Here’s How to Manage Your Credit Score When Signing Up for Rewards Cards

Reader Craig asks,

Could you clear up a general question many newbies have about the credit card sign-up strategy. I love the idea of signing up for a card, getting the 50K miles or whatever… I’m always told that this will kill my credit score, i.e. opening and closing cards like this will negatively effect my credit. Any general sense of whether is is true or not, and if it is true, how big is the impact really?

I’ve signed up for scores of cards over many years and I still have an excellent credit score, it was nearly 800 FICO on the three major credit bureaus when I went to get my mortgage. In part because of signing up for more cards, rather than in spite of it.

In fact, here’s my latest Barclays-provided free FICO score:

I first discovered rewards credit cards in 1997. I signed up for a US Airways card, enticed by the bonus. I decided I didn’t want to pay an annual fee for a credit card back then. My income – and thus my spending – wasn’t very high. So I cancelled the card right away. They still let me keep the bonus, though, which I thought was really nice of them.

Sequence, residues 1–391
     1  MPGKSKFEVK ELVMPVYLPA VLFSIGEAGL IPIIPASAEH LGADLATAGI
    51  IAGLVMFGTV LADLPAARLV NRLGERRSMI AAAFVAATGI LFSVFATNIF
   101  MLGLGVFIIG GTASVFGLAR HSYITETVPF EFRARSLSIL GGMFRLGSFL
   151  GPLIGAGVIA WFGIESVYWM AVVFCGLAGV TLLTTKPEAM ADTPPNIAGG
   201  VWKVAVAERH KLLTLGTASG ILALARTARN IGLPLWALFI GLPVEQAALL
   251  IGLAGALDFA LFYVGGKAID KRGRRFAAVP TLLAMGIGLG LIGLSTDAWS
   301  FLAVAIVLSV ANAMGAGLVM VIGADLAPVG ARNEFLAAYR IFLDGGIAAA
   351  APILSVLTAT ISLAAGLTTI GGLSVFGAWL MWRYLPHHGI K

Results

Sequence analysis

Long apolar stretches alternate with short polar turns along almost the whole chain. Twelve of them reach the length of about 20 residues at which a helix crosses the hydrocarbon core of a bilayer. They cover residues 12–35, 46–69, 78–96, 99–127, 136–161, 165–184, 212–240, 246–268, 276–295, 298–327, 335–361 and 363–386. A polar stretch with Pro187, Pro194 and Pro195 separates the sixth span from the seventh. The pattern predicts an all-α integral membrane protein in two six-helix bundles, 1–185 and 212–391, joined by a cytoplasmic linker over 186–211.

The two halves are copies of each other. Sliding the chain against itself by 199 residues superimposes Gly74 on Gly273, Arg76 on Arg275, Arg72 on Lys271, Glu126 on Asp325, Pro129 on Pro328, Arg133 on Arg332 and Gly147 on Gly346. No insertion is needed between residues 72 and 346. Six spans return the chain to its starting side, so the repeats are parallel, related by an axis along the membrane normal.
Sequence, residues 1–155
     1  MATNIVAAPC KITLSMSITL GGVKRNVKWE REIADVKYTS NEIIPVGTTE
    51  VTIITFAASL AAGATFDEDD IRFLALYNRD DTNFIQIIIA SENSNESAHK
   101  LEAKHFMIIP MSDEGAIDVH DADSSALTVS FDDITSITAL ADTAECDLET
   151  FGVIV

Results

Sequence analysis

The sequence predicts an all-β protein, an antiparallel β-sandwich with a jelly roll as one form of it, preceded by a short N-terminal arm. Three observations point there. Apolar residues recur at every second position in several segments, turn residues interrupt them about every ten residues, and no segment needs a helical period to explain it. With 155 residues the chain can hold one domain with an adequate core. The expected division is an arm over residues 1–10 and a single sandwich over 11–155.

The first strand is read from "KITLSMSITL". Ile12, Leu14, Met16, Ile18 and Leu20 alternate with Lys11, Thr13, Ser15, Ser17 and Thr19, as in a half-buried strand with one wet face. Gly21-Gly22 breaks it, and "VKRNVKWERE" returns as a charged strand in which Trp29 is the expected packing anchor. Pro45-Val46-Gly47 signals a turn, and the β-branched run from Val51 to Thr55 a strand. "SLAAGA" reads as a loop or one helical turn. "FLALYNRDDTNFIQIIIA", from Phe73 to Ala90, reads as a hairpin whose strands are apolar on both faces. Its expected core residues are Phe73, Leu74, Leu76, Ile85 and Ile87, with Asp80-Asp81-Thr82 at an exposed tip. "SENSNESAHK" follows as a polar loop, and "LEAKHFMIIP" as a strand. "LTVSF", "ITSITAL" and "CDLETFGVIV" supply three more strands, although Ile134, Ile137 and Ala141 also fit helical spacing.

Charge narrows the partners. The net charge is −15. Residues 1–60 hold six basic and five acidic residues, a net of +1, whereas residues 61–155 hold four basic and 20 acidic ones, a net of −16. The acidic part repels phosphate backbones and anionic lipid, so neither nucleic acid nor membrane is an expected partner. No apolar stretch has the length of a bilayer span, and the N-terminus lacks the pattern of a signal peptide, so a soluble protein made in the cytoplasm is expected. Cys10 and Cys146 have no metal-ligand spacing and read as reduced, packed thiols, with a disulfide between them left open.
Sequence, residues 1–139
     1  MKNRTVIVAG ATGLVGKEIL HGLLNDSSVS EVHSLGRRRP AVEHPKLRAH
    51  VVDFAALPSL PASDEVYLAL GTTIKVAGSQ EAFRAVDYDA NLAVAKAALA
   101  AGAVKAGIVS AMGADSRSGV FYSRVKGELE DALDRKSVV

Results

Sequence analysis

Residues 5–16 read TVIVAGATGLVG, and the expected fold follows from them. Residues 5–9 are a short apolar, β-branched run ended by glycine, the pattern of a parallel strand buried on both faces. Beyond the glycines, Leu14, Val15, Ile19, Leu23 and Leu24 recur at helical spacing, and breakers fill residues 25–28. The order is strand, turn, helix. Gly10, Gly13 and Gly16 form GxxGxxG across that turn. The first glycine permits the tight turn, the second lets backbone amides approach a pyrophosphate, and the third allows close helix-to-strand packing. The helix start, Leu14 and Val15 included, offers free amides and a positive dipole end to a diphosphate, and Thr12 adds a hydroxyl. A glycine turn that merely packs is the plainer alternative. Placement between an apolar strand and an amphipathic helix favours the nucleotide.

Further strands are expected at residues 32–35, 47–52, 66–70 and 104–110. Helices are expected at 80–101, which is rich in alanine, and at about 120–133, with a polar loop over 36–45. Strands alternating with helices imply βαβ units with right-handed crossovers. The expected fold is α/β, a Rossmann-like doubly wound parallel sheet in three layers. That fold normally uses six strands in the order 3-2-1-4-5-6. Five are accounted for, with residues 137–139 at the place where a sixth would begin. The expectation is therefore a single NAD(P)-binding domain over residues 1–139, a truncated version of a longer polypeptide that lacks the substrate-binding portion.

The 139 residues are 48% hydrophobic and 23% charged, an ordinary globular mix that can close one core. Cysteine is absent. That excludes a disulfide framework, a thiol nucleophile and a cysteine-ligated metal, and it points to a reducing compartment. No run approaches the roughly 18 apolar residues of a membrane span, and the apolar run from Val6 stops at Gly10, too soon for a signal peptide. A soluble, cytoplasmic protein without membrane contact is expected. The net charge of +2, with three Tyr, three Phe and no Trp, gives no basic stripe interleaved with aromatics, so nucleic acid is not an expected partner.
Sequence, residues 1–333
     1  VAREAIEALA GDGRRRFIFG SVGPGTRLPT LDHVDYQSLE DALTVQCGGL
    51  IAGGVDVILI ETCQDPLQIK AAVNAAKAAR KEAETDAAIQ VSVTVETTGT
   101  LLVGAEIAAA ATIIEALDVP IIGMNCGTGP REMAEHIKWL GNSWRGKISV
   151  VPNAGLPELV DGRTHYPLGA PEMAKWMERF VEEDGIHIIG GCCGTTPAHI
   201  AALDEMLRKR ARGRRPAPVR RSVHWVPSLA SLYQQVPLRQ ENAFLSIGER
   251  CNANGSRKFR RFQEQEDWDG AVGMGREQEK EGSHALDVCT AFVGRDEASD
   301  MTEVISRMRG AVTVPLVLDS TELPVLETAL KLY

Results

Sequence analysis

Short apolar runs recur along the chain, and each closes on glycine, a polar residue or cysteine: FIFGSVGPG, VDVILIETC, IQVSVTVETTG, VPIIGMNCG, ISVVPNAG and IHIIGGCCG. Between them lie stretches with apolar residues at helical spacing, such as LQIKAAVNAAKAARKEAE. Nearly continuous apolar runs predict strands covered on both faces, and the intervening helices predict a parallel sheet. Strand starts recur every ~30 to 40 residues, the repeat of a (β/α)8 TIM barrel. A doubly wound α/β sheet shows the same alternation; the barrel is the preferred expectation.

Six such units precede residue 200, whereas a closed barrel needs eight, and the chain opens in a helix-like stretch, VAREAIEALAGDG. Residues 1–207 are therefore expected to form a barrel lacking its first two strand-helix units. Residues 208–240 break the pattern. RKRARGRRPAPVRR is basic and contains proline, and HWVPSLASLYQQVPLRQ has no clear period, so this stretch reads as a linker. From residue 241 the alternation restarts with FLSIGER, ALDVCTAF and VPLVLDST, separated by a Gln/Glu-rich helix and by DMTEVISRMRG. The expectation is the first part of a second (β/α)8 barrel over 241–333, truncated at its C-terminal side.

When I finally did the math and realized it made sense to earn rewards even with an annual fee I applied for that same card again, and they gave me the bonus again. I thought that was really nice of them. And I learned that if a bank liked me once they were quite likely to keep liking me.

The Key to a Understanding Your Credit Score and Improving It — and When it Matters Most

I didn’t know much about credit scores back then, I just knew that I was earning lots of miles for things other than flying. I paid my bills on time, and I wasn’t in search of tons of credit. And that meant I pretty much always got approved, and having requests for credit never hurt me.